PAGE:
Private hospitals and care providers can pay very different salaries, and when you apply for those roles there may be room for negotiation according to your experience and qualifications.

However, it’s widely understood that Irish Nurses in the private sector earn more than those in the public sector.

The Nurse to patient ratio is also much lower, so many Nurses sing the praises of working privately.

Nonetheless, it’s important not to disregard the wider benefits of working within the HSE.

What Are The Wider Benefits Of Being A HSE Nurse?

HSE Nurses enjoy superb holiday entitlement, a generous pension, and lots of opportunities for career development.

Being a HSE Nurse is also an extremely stable job, with Nurses in consistently high demand.

It’s also extremely easy to find extra shifts or overtime if you want to earn extra money, and broadly speaking, flexible working policies are improving all the time.

None of this is guaranteed privately.

That’s why all aspects of every role have to be weighed up carefully.

What Are The Pros And Cons Of Bank And Agency Nursing In Terms Of Pay?

Working as a bank or agency Nurse in Ireland has many benefits.

Many choose this way of working to suit their lifestyle as it offers real flexibility over how, when and where you work.

And for some, there are definitely advantages in terms of pay.

Agency Nurses, in particular, can earn much higher rates of pay than Staff Nurses.

And with experience, these rates can get even higher.

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But the reality of agency or bank nursing is a little more complex than it seems. The high rates of pay reflect the fact that these Nurses don’t get any of the benefits a Staff Nurse does – nor any of the financial security.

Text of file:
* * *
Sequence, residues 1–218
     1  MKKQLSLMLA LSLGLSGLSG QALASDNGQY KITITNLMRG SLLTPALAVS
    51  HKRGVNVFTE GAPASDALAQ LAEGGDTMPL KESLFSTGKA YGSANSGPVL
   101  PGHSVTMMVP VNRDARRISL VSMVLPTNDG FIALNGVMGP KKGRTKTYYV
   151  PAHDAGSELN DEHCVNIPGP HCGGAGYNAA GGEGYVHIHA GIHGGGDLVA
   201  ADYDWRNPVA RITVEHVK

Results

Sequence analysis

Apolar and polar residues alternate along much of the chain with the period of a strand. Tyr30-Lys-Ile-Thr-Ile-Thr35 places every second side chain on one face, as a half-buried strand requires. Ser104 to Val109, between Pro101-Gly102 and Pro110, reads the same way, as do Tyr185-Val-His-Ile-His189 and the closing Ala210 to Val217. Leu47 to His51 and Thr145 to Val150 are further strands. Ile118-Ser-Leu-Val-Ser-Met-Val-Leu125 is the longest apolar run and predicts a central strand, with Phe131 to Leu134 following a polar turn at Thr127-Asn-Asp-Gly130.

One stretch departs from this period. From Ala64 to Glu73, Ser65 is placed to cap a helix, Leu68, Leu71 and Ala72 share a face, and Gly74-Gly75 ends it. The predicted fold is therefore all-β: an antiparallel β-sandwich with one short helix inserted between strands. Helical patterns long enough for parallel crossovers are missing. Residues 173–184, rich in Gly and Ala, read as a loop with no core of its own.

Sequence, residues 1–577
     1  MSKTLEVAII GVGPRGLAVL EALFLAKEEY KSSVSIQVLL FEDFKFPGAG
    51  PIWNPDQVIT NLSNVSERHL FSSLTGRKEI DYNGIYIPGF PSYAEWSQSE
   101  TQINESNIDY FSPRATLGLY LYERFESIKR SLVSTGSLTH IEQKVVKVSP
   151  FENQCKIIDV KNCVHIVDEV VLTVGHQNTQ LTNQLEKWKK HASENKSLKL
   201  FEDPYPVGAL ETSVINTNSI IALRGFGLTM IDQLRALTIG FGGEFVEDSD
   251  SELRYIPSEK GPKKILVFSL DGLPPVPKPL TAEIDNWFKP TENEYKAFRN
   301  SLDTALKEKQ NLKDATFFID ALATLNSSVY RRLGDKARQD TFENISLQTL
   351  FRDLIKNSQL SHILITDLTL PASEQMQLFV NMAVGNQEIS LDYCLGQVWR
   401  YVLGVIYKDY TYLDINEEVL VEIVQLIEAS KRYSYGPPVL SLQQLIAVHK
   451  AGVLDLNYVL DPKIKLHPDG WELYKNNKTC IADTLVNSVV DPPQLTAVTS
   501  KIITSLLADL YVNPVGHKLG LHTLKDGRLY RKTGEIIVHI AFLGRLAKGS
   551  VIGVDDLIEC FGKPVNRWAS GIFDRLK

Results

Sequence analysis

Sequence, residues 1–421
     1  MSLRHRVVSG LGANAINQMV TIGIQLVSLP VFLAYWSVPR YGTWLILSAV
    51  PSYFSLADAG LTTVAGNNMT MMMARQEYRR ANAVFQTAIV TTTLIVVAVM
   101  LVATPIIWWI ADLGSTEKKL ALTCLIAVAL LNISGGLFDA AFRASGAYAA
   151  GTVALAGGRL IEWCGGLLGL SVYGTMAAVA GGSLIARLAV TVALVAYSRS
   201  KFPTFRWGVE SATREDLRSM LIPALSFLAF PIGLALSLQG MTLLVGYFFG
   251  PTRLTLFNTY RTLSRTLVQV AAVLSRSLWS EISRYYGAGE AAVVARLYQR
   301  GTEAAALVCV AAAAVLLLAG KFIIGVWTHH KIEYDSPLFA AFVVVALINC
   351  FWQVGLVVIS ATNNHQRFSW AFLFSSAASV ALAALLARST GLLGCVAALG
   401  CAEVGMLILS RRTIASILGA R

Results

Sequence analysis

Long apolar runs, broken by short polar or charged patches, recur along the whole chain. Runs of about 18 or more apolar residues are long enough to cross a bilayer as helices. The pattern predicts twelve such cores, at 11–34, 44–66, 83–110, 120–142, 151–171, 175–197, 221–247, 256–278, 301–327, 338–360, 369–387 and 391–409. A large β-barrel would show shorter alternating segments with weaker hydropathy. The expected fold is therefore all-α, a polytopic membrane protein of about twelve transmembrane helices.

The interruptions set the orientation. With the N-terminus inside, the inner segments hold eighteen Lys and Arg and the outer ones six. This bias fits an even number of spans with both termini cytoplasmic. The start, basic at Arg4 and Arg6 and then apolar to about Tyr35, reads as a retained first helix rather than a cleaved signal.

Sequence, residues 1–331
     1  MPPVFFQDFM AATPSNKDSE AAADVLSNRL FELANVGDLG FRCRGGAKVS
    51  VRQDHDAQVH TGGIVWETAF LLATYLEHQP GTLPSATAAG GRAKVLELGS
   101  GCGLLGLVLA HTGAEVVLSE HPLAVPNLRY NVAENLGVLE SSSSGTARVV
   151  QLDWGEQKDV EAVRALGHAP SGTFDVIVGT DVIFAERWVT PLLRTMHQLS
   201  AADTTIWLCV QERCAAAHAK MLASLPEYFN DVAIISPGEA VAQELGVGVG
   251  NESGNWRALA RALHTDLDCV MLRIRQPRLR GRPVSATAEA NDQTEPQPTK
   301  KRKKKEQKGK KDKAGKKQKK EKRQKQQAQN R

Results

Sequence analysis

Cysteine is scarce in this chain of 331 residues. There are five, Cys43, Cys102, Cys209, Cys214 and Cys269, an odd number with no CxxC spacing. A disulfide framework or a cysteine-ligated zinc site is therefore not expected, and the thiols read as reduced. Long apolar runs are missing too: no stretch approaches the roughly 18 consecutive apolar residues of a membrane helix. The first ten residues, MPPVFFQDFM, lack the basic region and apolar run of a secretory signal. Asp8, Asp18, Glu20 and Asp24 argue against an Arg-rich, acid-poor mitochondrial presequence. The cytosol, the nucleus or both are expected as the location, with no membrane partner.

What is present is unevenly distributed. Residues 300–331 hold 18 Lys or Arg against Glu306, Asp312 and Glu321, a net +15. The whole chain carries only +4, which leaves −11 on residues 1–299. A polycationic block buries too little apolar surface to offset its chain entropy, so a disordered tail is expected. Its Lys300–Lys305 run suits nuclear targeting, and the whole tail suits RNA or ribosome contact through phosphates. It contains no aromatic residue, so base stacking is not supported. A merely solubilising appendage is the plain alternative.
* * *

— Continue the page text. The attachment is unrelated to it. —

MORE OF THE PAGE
Agency and bank Nurses are essentially freelancers – and like freelancers, they’re always under pressure to find their next position.

That’s why experience matters so much for agency and bank Nurses.

Building up experiences in different settings, specialisms and locations gives you the know-how and the contacts to always be in high demand.

In that scenario, bank and agency nursing can work perfectly.

But without that experience, it isn’t necessarily as appealing as it might seem.

How Can I Earn Extra Money As A Nurse In Ireland?

Most obviously, Nurses in Ireland can earn extra money by taking on extra shifts or working overtime.

Registering with a nursing agency or bank is a tried and tested way of doing this.

Otherwise, earning extra money beyond incremental pay rises will rely on boosting your qualifications by studying further.

In the HSE, lots of institutions will fund your study and allow you to carry on working at the same time.

Without these extra qualifications and skills, it’s easy to get stuck on the same pay scale – which will mean you’ll never see significant jumps in your pay packet.

Let me know in the comments your thoughts on pay for Irish Nurses - let's chat there!

Oh, and please Like this article to let me know you enjoyed it - thank you!

About the author

  • Mat Martin
    Content Manager

I have a background in visual media and film content. I'm now developing other content delivery skills, and am enjoying talking to people in health and social care who want to contribute and feel passionate about what they do. I’m constantly struck by the quality and feeling in the articles we receive from them, and I aim to ensure the readers are too.

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About the author

  • Mat Martin
    Content Manager

I have a background in visual media and film content. I'm now developing other content delivery skills, and am enjoying talking to people in health and social care who want to contribute and feel passionate about what they do. I’m constantly struck by the quality and feeling in the articles we receive from them, and I aim to ensure the readers are too.

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    • Gilbert Denila 2 months ago
      Gilbert Denila
    • Gilbert Denila
      2 months ago

      Well researched and written.